Outbound

Outbound

Outbound

Outbound

Building blocks to pipeline creation with confidence

Building blocks to pipeline creation with confidence

Building blocks to pipeline creation with confidence

Building blocks to pipeline creation with confidence

Good day PROs!

There are x building blocks that, when put together thoughtfully, can lead to compound growth in pipeline.

Last week we chatted with Kyle Norton, Chief Revenue Officer at Owner, which he describes as "Shopify + HubSpot for Mom & Pop restaurants." We've been impressed with his comprehensive, but actionable, perspective on designing Go-to-Market teams. Here's what he shared:

Begin With the End in Mind

Here is the number one insight from Kyle: He has built a GTM engine that has every function focused on the main thing, which is closing, activating and expanding "best fit" customers.

"Best Fit" isn't based on anecdotes and opinions, but is actually subject to "customer quality" reviews using updated retention and expansion data… Every. Single. Month.

Let's be honest. Are we this stringent with our ICP, with a self-reinforcing feedback loop that actually removes accounts and contacts from our demand gen efforts? No. Not likely.

The Building Blocks to Confident Pipeline

Kyle shared with us his real-time, real-world perspective on structuring outbound teams for success, prospecting messaging for success and more.

When we look at a little deeper at each of these, we can see three underlying building blocks upon which these motions are formed.

1️⃣ Ideal Customer Profile

There is a tendency to describe ICP as companies of a certain size within a certain industry. But for most "horizontal" solutions, that can be limiting and misleading. Even for solutions that are sold to companies within a specific industry (like restaurants), there are important attributes that are only visible "under the hood."

However, new AI-based data tools are making it possible to find data points that can be proxies for these hard to identify attributes.

The key is to have our ICP rigorously defined and supported by data (both quantitative and qualitative). This helps keep us from pursuing an "aspirational" ICP and keeps the team focused.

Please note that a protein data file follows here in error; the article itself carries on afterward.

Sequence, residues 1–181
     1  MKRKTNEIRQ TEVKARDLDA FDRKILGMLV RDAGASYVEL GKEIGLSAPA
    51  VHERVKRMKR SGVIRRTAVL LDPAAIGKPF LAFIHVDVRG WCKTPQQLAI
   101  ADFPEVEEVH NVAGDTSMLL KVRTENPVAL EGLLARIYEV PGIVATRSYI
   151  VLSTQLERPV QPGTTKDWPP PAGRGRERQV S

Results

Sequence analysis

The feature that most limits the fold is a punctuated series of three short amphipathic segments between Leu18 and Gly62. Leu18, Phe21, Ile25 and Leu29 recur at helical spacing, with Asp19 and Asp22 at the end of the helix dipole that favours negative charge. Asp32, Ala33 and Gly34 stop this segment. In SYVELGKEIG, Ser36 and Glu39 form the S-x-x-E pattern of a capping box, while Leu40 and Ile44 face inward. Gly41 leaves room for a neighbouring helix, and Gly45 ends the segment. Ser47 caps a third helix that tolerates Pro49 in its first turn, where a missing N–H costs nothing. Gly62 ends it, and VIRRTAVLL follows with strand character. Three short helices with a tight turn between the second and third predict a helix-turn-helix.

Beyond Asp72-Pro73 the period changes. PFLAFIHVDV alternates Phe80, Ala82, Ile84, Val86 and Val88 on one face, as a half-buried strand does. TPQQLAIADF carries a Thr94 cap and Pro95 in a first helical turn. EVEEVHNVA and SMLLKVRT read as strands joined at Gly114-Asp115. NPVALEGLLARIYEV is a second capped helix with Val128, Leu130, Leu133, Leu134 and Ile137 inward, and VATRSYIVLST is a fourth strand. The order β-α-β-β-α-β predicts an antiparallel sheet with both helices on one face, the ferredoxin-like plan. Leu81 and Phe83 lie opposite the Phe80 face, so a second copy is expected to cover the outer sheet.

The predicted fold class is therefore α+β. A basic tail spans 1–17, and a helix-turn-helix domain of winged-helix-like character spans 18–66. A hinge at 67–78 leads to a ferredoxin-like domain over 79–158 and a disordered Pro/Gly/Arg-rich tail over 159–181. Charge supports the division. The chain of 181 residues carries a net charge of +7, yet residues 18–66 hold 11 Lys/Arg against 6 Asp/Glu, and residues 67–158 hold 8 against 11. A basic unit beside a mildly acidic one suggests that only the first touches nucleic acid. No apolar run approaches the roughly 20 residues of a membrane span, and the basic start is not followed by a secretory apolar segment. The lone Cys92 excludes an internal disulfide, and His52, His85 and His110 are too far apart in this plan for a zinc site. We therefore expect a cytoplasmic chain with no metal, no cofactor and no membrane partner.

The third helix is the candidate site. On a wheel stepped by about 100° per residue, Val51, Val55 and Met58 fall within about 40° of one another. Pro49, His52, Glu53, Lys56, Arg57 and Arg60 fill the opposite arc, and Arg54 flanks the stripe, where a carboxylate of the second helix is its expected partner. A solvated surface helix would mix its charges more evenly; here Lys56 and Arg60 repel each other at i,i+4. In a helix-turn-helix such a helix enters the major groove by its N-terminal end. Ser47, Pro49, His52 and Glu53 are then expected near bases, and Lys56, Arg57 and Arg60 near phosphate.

In addition, because of the velocity with which the market is changed, we need to consistently reassess the performance of our ICP customers.

In the case of Owner, they recently deprioritized 40% of what was formerly their ICP due to higher churn rates, ensuring the focus of the team remains on the most promising accounts.

2️⃣ Strong Foundation in Data and Process

If there is one common attribute we see in high performing GTM orgs, it is a strong foundation of data and process.

This is often referred to as "RevOps" but that too has become a polluted term that is nothing more than sales, marketing, CS and product ops all reporting to the same person.

When Kyle was recruited to Owner, one of his earliest hires was a RevOps leader. But not just any leader, one with whom he worked at 2 previous stints (League and Shopify).

In Kyle's words, it takes a unique RevOps leader to essentially be the data-driven extension of the CRO who helps architect and monitor the Go-to-Market engine.

For context, Kyle made this strategic, high-caliber hire when the company was ~$5mm in ARR.

3️⃣ Incentive Structures that are Aligned and Fair

Let's take a hard look at our incentive structures. Do they align the interests of the Customer, the Company and the Rep (AE, AM, CSM, etc.)?

We can say with confidence, "probably not."

That is because it is so easy to focus solely on acquired revenue. Our financial model says we need our 6 reps to each hit 85% of their quota (on average) to meet plan.

Separately, we have GRR/NRR targets and comp for our "post-sale" teams.

So what happens. New logo reps think any revenue is good revenue because they hit targets.

But then those companies don't onboard well, struggle to activate, never expand and churn prematurely.

What if instead we focused first on what we want to orchestrate for the benefit of our customers.

As an example, Kyle shared with us a new comp plan for the team. So new, in fact, that at the time of the recording it hadn't yet been shared with the team!

This new structure incentivizes the new logo (AE) team to prioritize quality bookings, as measured by a "Growth Potential Score" (GPS).

It also ties part of the incentive comp for new logo to a successful onboarding, which encourages AEs to stay involved until the customer starts to see success. How do you think this impacts expectation setting? Definitely for the better!

The 4th Block

We believe there is a 4th building block re: Content, but it there is so much depth and nuance it requires its own podcast series and set of posts! We plan to cover this soon, but Kyle hints at what this looks like in his "Offer of Value" approach.

5 Elements to Build Pipeline for SMB and Enterprise

Below is a quick summary of the five elements to build pipeline in SMB and Enterprise environments.

1️⃣ How to systematically provide the best leads to your team and keep them focused on your ICP:

At Owner, Kyle and his team developed a system to ensure their sales team focuses on the best leads.

What makes them so great?

They have a rigid process that ENSURES they're aligned with their Ideal Customer Profile (ICP).

Here’s how they do it: